nations. The following year, another Neutrality Act prohibited loaning money to belligerent countries. The

last piece of legislation, the Neutrality Act of 1937, forbade the transportation of weapons or passengers

to belligerent nations on board American ships and also prohibited American citizens from traveling on

board the ships of nations at war.

Once all-out war began between Japan and China in 1937, Roosevelt sought ways to help the Chinese

that did not violate U.S. law. Since Japan did not formally declare war on China, a state of belligerency

did not technically exist. Therefore, under the terms of the Neutrality Acts, America was not prevented

from transporting goods to China. In 1940, the president of China, Chiang Kai-shek, was able to prevail

upon Roosevelt to ship to China one hundred P-40 fighter planes and to allow American volunteers, who

technically became members of the Chinese Air Force, to fly them.

War Begins in Europe

In 1938, the agreement reached at the Munich Conference failed to satisfy Hitler—in fact, the refusal of

Britain and France to go to war over the issue infuriated the German dictator. In May of the next year,

Germany and Italy formalized their military alliance with the "Pact of Steel." On September 1, 1939,

Hitler unleashed his Blitzkrieg, or "lightning war," against Poland, using swift, surprise attacks combining

infantry, tanks, and aircraft to quickly overwhelm the enemy. Britain and France had already learned from

Munich that Hitler could not be trusted and that his territorial demands were insatiable. On September

3, 1939, they declared war on Germany, and the European phase of World War II began. Responding to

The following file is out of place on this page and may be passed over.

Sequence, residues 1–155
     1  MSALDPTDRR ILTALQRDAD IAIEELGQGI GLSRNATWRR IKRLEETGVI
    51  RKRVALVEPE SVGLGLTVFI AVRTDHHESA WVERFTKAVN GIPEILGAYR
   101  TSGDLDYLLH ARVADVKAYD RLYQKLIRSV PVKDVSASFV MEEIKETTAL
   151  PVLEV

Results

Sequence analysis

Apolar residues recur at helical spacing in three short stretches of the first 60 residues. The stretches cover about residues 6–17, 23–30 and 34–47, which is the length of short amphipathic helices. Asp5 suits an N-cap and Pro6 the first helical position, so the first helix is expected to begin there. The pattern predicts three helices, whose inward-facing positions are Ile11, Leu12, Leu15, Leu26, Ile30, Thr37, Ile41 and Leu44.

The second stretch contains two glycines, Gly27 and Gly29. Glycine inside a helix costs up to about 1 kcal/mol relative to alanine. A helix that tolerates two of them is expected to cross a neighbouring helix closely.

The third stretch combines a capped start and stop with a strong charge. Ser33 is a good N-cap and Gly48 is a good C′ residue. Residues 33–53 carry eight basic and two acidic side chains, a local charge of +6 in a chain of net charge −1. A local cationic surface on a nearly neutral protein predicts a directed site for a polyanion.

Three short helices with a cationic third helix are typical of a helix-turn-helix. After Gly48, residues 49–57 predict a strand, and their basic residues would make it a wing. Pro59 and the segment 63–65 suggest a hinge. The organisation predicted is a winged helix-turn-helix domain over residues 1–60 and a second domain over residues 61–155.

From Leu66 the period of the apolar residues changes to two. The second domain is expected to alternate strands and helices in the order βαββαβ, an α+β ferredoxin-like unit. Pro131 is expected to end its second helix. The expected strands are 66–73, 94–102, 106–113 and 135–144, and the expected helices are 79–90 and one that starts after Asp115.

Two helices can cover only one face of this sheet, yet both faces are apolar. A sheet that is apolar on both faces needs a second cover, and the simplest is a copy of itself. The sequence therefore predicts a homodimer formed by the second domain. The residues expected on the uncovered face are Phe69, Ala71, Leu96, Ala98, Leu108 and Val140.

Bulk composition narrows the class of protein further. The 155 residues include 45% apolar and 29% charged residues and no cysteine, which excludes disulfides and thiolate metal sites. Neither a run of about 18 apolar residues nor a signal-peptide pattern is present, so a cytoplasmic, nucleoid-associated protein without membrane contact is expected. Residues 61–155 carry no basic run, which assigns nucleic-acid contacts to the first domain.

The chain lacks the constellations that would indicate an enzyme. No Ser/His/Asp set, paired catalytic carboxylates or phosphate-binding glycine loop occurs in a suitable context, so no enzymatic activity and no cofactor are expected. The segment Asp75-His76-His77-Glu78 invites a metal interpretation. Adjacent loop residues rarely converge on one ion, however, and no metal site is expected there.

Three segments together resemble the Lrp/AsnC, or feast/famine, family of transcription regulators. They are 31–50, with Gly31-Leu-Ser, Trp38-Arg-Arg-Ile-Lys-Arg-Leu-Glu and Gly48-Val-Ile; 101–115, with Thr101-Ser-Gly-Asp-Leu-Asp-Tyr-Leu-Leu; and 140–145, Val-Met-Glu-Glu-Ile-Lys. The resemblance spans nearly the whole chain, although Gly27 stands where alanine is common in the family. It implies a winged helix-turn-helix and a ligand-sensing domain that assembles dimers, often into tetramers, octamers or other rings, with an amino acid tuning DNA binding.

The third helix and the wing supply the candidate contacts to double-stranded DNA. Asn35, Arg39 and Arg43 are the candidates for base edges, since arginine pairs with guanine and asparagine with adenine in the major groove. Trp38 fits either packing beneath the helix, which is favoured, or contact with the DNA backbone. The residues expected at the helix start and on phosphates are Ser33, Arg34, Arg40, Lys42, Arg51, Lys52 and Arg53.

the German invasion of Poland, Roosevelt worked with Congress to alter the Neutrality Laws to permit

a policy of "Cash and Carry" in munitions for Britain and France. The legislation, passed and signed by

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Roosevelt in November 1939, permitted belligerents to purchase war materiel if they could pay cash for it

and arrange for its transportation on board their own ships.

When the Germans commenced their spring offensive in 1940, they defeated France in six weeks with

a highly mobile and quick invasion of France, Belgium, Luxembourg, and the Netherlands. In the Far

East, Japan took advantage of France's surrender to Germany to occupy French Indochina. In response,

beginning with the Export Control Act in July 1940, the United States began to embargo the shipment of

various materials to Japan, starting first with aviation gasoline and machine tools, and proceeding to scrap

iron and steel.

The Atlantic Charter

Following the surrender of France, the Battle of Britain began, as Germany proceeded to try to bomb

England into submission. As the battle raged in the skies over Great Britain throughout the summer and